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State v. Reeves

June 8, 2010

STATE OF NEW JERSEY, PLAINTIFF-RESPONDENT,
v.
TROY REEVES, DEFENDANT-APPELLANT.



On appeal from the Superior Court of New Jersey, Law Division, Ocean County, Indictment No. 05-02-0191.

Per curiam.

NOT FOR PUBLICATION WITHOUT THE APPROVAL OF THE APPELLATE DIVISION

Submitted May 24, 2010

Before Judges Rodríguez and Reisner.

Defendant Troy Reeves appeals from the denial of his first petition for post-conviction relief (PCR). We affirm.

In December 2005, following a jury trial, defendant was convicted of first degree robbery, N.J.S.A. 2C:15-1, and second degree aggravated assault, N.J.S.A. 2C:12-1b. Judge Edward J. Turnbach denied defendant's motion for a new trial and imposed concurrent terms aggregating fifteen years with a NERA*fn1 parole disqualifier.

These are the pertinent facts. On September 12, 2003, at approximately 9:45 p.m. at the Lakewood Bus Terminal, two men, one wearing a red sweatjacket, later identified as defendant, and another unidentified individual huddled around the victim. Defendant warned the man, "[y]ou're going to give it to me, you're going to give it to me, give me it, you know, I'm going to hurt you, I'm going to hurt you." Defendant and the other man hit the victim. The victim fell to the ground. They then kicked the victim in the head, neck, face and ribs. Eventually, defendant reached into the victim's pocket and took the victim's wallet.

An older man, who appeared to know the perpetrators, approached and told them "[l]eave it alone... you did what you did, get out of here, the police are going to come." The two perpetrators hit the victim one more time. Defendant walked up to several of the commuters located by the platform, lifted his red sweatjacket, which revealed a forty-five caliber handgun, and said, "[a]ny fucking body talks to the police, you're fucking dead." The two men left the platform. A bystander called the police.

After the police officers arrived, they spoke to the people who were in the area during the assault and the older man who interceded. The police were able to develop a suspect. Later that evening, the bystander was shown a photograph array. He identified defendant as the man wearing the red sweatjacket. The victim was unconscious and did not possess his wallet.

Approximately one week later, the victim's mother identified the victim as her son. At the time, he was still unconscious. After he retained consciousness, he could not recall the robbery. He suffered blunt-force trauma to the head, a fractured skull, fractured ribs and sixteen stitches on his eye. The left side of his body was weakened, requiring him to use a cane to walk, and his speech was affected. When he regained consciousness, he realized his wallet that contained his social security card, birth certificate, County ID and some loose papers was missing.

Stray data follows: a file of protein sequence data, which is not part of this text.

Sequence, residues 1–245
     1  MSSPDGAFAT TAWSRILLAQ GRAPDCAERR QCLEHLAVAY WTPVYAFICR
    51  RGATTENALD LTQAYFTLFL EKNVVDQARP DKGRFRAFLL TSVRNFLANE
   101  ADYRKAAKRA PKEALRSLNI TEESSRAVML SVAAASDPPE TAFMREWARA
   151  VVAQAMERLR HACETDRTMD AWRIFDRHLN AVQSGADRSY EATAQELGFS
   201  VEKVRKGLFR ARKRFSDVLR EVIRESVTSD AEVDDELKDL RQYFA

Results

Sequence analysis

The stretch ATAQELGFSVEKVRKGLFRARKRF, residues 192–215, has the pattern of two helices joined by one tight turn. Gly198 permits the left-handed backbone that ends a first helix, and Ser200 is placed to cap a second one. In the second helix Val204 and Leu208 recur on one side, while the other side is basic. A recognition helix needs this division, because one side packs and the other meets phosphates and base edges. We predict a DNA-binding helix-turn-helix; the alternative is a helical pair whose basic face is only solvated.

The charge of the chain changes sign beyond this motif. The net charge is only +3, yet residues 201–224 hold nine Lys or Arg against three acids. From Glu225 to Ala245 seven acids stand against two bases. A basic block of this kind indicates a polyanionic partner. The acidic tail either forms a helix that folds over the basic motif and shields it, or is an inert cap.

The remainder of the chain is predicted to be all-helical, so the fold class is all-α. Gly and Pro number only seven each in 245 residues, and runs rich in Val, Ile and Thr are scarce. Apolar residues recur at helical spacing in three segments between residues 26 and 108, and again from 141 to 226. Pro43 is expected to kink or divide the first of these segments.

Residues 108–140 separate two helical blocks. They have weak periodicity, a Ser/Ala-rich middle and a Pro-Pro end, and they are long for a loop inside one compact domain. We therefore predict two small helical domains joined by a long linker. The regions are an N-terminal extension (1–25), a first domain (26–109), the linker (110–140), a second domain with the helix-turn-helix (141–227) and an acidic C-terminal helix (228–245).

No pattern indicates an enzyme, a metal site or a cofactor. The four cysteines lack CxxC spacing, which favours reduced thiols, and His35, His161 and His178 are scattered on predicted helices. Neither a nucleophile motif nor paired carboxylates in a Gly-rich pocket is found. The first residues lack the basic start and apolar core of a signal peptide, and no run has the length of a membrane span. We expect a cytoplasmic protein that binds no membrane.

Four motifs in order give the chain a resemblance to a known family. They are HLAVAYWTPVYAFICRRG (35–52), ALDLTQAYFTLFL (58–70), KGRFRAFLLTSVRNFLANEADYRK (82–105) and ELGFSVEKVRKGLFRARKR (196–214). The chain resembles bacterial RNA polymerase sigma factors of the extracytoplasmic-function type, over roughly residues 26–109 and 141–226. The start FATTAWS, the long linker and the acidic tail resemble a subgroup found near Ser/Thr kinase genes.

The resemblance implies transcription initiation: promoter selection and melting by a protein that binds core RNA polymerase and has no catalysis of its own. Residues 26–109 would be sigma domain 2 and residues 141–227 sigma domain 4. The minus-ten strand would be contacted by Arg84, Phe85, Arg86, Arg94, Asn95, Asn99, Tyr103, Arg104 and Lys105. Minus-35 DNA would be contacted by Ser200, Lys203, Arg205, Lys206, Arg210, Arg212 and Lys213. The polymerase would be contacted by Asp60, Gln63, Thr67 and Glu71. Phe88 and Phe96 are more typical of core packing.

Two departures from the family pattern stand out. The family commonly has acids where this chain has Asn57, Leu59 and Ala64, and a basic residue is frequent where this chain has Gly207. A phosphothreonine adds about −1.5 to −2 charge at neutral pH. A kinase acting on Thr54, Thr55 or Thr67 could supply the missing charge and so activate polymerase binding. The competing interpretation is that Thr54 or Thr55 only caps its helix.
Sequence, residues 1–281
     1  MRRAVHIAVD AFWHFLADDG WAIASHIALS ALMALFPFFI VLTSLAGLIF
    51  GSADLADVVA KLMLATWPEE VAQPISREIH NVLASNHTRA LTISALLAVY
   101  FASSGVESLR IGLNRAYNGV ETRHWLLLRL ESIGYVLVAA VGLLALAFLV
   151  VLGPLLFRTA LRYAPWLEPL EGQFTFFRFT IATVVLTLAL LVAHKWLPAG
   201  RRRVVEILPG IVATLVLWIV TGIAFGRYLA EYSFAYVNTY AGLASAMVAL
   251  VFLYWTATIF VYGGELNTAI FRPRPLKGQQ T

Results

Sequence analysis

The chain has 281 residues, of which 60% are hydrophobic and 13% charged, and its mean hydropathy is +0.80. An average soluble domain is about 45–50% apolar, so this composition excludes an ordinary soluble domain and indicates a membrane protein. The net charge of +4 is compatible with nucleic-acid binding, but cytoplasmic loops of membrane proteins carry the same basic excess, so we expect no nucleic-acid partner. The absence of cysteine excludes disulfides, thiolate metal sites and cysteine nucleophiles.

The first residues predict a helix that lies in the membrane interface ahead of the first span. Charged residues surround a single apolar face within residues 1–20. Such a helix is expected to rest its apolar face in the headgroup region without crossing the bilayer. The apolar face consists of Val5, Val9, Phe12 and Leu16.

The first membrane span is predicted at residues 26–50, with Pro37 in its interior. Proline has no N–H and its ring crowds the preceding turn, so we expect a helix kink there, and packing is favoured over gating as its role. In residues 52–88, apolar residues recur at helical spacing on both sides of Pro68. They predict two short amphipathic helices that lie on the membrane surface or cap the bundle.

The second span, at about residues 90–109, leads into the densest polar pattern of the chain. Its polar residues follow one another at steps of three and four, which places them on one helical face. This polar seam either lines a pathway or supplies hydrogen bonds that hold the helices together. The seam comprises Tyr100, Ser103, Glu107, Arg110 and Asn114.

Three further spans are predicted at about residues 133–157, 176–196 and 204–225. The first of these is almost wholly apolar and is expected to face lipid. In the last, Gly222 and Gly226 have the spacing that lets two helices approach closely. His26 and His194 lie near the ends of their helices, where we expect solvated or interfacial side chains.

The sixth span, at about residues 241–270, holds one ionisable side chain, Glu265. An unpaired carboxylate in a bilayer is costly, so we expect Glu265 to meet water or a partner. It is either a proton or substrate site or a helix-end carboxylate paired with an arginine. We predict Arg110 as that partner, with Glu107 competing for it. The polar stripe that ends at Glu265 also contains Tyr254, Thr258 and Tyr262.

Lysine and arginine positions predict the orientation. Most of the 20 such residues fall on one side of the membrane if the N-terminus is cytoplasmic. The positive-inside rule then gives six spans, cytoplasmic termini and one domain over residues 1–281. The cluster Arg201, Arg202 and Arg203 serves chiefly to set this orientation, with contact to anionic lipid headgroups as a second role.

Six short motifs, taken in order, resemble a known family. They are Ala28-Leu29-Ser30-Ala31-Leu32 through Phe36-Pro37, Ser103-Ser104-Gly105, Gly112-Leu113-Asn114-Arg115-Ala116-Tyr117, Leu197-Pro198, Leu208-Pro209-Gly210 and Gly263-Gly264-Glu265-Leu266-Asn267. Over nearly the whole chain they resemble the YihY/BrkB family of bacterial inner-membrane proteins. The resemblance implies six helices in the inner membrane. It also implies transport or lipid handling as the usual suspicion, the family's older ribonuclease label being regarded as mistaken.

We affirmed the conviction on direct appeal and rejected defendant's claims that: (1) the verdict was against the weight of the evidence; (2) the judge should have charged "false in one, false in all;" and (3) the sentence was excessive. State v. Troy Reeves, No. A-3186-05T4 (App. Div. Mar. 15, 2007), certif. denied, 191 N.J. 317 (2007). However, we agreed with defendant and remanded to amend the judgment of conviction to merge the convictions. Ibid.

In January 2007, defendant filed pro se his first PCR petition. Counsel submitted a brief in support of the petition. The claims were that: (a) trial counsel was ineffective for not communicating with defendant on a timely basis; (b) trial counsel failed to request a Wade*fn2 hearing; (c) trial counsel failed to file a motion to suppress an umbrella from evidence; (d) he was denied the right to due process because the judge failed to instruct the jury on accomplice liability; (e) the verdict was against the weight of the evidence; (f) the sentence was excessive; and (g) defendant was denied due process because the judge failed to give the jury an instruction on the supplemental step element of the attempt charge.

Judge James Den Uyl denied the petition and defendant's request for an evidentiary hearing. The judge found that: defendant does not allege any facts that would establish that defense counsel failed to communicate with the defendant, i.e., he did not receive important information before trial, something along those lines. As a result, the defendant has not established a prima facie case against the trial counsel on that point.

A Wade Hearing was, in fact, held on March -- excuse me -- October 12, 2005, out of the presence of the Jury, whereby the three witnesses were questioned, an identification sheet and several photographs were entered as evidence and the motion was denied. Defendant does not set forth additional facts that would establish that there was a failure of trial counsel during the hearing. ...


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